Innovation Means Change And That’s Not Popular

My last post about Procter & Gamble and their Design Thinking Initiative was largely about change. If the people involved in the Initiative were resistant to change it would never happen. And that’s what sometimes, maybe frequently, happens in libraries. Resistance to change is a surefire innovation killer. Likewise, organizations can thwart innovation and change with questionable tactics. An article from the July 2008 issue of University Business titled “Stifling Initiative” provides 10 simple rules for crushing innovation and maintain a culture of inertia. Here are those 10 rules in summary format:

1. Request a formal written proposal – make the innovator meet as many administrative requirements as possible

2. Send the proposal to a committee – this ought to make it take as long as possible to get a show of support for an idea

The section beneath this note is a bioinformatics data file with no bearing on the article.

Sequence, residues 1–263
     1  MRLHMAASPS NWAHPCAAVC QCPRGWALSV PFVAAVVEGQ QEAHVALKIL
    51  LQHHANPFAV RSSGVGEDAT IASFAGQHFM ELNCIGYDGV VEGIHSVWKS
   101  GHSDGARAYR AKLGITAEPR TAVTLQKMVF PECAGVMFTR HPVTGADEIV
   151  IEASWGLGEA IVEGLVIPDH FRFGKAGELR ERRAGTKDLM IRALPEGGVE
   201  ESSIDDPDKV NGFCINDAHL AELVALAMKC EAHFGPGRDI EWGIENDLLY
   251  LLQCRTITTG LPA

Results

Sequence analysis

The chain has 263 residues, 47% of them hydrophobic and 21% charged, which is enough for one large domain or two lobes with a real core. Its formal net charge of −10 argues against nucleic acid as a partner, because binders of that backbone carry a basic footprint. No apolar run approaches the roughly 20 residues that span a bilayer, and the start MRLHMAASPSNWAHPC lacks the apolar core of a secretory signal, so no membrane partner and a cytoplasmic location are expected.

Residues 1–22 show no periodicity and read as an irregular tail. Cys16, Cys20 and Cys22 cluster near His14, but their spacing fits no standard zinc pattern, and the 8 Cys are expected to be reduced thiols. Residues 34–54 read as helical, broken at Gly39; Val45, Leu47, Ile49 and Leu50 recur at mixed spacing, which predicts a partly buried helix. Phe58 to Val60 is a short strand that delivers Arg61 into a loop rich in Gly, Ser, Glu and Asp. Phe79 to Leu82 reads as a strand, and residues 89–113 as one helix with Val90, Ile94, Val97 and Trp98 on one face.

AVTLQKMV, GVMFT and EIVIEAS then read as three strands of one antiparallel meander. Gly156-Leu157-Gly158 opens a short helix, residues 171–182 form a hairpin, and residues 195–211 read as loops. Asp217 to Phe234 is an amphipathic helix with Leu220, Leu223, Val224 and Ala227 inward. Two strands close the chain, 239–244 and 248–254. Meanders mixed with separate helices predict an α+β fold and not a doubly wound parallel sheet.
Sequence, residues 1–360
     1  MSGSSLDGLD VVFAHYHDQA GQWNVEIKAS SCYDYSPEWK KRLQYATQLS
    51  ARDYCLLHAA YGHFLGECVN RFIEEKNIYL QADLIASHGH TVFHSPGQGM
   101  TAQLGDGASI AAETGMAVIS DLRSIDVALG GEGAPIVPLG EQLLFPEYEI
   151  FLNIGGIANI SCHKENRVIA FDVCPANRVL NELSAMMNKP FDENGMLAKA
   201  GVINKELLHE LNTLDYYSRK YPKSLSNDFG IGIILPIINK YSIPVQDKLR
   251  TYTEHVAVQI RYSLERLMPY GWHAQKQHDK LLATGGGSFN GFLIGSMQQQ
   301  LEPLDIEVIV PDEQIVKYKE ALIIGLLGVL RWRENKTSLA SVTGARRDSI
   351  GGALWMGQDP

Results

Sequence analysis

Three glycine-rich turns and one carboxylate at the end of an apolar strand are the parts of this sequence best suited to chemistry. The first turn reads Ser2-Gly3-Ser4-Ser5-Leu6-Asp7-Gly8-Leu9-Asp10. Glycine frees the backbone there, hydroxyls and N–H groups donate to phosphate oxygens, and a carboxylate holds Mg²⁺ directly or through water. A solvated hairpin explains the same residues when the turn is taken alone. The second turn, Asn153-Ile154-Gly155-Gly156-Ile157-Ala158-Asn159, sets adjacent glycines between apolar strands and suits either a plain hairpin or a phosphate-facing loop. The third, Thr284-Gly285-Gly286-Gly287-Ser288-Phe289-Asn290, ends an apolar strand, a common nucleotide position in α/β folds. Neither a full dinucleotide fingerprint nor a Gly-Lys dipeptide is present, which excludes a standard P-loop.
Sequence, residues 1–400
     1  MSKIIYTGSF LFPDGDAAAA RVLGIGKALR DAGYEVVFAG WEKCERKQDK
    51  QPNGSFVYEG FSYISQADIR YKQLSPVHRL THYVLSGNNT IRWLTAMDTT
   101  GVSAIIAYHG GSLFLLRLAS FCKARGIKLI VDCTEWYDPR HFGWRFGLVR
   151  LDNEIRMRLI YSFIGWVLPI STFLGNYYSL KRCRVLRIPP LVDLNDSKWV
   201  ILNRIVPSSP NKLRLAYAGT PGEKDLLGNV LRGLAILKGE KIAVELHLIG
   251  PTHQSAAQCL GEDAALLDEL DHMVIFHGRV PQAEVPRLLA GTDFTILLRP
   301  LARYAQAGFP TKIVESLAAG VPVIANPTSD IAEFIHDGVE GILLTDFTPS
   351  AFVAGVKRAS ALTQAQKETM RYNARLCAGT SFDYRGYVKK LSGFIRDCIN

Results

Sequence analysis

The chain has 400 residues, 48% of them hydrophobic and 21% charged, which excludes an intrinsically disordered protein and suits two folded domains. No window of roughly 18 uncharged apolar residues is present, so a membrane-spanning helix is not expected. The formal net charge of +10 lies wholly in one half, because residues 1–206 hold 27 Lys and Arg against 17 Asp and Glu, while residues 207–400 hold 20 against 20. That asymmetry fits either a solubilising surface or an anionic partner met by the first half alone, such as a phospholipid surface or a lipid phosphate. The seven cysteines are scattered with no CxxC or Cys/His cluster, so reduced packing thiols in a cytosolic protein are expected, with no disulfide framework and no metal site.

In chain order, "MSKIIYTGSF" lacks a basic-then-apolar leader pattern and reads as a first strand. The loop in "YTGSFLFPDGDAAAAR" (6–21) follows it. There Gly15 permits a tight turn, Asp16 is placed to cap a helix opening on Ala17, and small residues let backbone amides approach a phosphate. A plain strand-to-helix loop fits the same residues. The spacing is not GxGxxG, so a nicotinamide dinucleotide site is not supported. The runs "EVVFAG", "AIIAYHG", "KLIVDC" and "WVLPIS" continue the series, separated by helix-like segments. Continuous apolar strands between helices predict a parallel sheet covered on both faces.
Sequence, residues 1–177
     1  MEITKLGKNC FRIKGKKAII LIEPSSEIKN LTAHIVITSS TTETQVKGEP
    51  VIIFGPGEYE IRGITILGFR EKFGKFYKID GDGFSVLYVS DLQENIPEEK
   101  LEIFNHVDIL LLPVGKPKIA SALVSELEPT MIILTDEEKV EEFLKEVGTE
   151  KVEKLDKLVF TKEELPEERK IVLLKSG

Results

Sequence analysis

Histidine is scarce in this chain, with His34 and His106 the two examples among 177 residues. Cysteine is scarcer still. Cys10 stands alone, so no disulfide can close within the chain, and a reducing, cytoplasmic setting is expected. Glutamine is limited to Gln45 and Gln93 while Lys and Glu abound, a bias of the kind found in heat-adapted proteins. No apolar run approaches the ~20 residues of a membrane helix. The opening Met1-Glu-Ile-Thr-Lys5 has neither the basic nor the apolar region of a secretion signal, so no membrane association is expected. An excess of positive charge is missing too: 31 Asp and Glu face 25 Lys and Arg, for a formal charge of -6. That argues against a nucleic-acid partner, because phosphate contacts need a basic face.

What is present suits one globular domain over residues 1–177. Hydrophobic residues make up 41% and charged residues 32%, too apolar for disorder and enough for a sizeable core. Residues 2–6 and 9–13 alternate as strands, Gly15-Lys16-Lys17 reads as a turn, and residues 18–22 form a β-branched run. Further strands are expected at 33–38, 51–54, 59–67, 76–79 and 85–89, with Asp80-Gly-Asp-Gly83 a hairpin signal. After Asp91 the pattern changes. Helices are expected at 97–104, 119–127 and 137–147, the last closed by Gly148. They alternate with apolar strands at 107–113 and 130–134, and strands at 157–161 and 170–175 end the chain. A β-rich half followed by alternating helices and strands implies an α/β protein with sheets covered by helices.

3. Schedule meetings to discuss the concept – it’s important to make sure all the key players are involved in the decision

4. Lose the proposal – another stalling tactic to avoid making a decision on the proposal

5. No money for that project – “This is a great idea…but…there’s no money for it”

6. Have you talked to…about this – put the innovator on the bureaucracy merry-go-round

7. We don’t, haven’t, won’t, can’t… – just be completely inflexible

8. Sounds exciting but give more detail – a good tactic for wearing down the innovator

9. Yes, but – there’s always a catch and it’s usually not a good one

10. Go Nancy Reagan and just say no – the ultimate power play to stop innovation

There are abundant ways to destroy the spirit of innovation in an individual or an organization. This article provides a reminder that it’s not that difficult to find ways to make it happen.

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